Earlier today, Russian tanks attacked Georgian positions in South Ossetia
, the much-disputed Georgian territory sandwiched between Georgia and Russia. With a population of around 70,000, the region has not known peace since the fall of the Soviet Union. Russia’s actions came in response to the Georgian army’s attacks on Russian-backed separatists. Hostilities between Georgian troops and the separatists had been rising since six people died during a skirmish between the two in early July, with Russia and Georgia subsequently accusing each other of violating the ceasefire
by flying jets over South Ossetian territory.
The conflict has significant natural resource and environmental aspects. South Ossetia possesses rich stores of natural resources (including timber, manganese, iron ore, and copper and coal deposits), although it remains an economically isolated and depressed region. Also, its location is geopolitically strategic: It houses “[t]wo of the four major border crossings among the mountains separating Russia and Georgia,” along with several other critical roads, and is next to two vital oil pipelines, the Baku-Tbilisi-Ceyhan and the Baku-Supsa, which run from Azerbaijan to Turkey’s Black Sea ports and provide oil for numerous European countries, as well as the United States. These pipelines, in addition to Georgia’s “pivotal role in the global energy market,” render this newest iteration of the conflict cause for international concern.
There are additional environmental concerns in this region. The long-simmering conflict in South Ossetia has left a former Russian industrial complex categorized as “still generating pollution” and a nuclear waste site both untended. With no one to secure, assess, monitor, or remove the hazardous material, regional water sources and arable land are threatened. Lack of economic opportunity in Georgia, and particularly in South Ossetia, has led to illegal logging; “[i]ncentives for illegal export of valuable timber and endemic tree species from the conflict areas…are exacerbating deforestation.”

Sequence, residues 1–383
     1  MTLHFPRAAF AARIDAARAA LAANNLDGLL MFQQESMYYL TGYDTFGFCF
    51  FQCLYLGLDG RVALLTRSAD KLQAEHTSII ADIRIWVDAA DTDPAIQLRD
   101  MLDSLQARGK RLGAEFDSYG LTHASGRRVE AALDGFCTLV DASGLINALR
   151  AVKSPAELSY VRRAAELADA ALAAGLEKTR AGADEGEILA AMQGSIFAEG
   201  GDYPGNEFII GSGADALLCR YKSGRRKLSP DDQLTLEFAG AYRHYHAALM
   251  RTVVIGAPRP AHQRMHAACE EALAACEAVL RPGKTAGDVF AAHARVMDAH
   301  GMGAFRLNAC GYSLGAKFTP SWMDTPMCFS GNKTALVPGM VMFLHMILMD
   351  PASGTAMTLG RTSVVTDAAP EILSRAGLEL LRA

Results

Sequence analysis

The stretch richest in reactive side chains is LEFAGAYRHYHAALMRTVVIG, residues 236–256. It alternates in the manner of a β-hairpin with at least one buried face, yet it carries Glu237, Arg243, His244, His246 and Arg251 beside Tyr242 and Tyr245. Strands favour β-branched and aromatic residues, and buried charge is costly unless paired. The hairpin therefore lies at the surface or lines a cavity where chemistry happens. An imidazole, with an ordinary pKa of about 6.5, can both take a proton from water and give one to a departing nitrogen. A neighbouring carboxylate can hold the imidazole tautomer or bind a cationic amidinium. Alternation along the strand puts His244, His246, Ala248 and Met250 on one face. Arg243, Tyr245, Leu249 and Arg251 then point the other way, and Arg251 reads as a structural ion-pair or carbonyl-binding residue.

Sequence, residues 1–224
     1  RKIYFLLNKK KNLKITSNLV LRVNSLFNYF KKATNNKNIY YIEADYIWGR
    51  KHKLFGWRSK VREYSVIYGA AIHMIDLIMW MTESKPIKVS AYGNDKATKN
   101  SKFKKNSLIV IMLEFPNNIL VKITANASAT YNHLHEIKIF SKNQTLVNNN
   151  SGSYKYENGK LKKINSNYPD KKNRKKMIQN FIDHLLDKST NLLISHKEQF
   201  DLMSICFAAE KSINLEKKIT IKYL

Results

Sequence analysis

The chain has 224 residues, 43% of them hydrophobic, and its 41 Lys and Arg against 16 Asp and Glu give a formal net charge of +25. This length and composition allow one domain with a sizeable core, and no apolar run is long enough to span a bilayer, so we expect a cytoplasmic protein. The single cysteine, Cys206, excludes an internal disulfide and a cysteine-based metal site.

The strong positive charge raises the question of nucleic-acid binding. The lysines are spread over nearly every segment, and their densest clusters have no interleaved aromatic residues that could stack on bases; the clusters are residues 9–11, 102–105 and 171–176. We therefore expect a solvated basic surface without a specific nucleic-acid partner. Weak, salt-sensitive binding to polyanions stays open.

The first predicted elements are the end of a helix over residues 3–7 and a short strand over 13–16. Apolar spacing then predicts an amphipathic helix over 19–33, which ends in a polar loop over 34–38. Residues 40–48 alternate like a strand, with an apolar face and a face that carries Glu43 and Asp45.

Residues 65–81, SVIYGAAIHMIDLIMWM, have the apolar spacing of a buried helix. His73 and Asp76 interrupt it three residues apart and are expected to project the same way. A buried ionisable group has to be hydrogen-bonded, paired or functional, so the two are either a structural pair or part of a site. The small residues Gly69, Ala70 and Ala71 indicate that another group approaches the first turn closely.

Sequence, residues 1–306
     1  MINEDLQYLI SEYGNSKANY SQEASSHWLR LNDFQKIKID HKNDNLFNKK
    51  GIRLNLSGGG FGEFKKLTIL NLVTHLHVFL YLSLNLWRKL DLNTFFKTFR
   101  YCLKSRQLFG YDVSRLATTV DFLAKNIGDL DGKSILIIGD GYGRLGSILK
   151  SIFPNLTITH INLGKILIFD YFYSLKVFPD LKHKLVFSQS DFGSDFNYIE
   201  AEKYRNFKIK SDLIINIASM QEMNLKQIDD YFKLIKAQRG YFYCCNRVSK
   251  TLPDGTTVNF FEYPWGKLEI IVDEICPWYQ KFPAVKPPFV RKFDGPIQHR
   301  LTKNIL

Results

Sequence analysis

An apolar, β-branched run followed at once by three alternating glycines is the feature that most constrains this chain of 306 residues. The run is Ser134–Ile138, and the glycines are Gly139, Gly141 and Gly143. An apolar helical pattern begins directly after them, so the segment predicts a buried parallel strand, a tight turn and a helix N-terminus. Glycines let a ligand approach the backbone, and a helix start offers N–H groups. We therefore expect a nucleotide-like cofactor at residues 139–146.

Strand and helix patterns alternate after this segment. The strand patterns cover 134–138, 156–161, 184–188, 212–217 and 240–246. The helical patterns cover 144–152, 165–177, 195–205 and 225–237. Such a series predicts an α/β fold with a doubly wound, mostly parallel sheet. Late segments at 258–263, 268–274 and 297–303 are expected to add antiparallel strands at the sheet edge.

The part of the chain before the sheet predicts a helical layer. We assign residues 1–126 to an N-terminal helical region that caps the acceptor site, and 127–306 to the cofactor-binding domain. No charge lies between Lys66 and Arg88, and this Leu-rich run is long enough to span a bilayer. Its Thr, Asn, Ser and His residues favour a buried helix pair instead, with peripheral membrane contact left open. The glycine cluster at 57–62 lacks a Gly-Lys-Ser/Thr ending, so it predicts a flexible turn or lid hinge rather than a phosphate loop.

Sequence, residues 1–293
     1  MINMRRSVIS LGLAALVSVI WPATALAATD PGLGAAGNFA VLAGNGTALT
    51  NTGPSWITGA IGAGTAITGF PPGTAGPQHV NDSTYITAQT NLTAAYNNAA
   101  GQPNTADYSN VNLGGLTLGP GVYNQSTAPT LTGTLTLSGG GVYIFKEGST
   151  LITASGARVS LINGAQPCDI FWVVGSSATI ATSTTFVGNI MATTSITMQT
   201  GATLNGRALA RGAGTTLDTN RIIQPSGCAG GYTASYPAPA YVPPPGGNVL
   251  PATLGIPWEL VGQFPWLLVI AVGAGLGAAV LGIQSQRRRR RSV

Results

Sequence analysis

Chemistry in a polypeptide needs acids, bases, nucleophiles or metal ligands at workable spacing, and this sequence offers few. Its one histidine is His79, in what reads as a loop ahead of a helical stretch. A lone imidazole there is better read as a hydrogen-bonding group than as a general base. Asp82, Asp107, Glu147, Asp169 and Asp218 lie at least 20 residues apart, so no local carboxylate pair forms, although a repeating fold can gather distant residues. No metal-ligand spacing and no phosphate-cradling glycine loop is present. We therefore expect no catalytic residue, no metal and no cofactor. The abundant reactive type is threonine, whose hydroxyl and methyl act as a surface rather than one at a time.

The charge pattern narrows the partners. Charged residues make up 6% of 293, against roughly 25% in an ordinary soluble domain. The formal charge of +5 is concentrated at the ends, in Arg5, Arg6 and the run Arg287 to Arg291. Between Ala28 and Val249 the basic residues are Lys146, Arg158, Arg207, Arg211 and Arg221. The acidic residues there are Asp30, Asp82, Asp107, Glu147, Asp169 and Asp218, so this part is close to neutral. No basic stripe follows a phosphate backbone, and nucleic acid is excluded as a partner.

Economic desperation—combined with a lack of natural resource monitoring—can lead to conflict as people vie for use of a limited resource. A 2004 report from the Environmental Security Initiative (a joint program of UNEP, UNDP, and OSCE) on the South Caucasus region warned that “[u]ncontrolled exploitation of forests, combined with outdated farming practices, are contributing to land degradation and desertification, threatening agricultural productivity.” Indeed, these factors did lead to further trouble for South Ossetia. When Georgia tried to clamp down on “the significant black market trade [in everything from vegetables to illegal arms] going on between South Ossetia and Russia” in 2004, violence quickly re-emerged.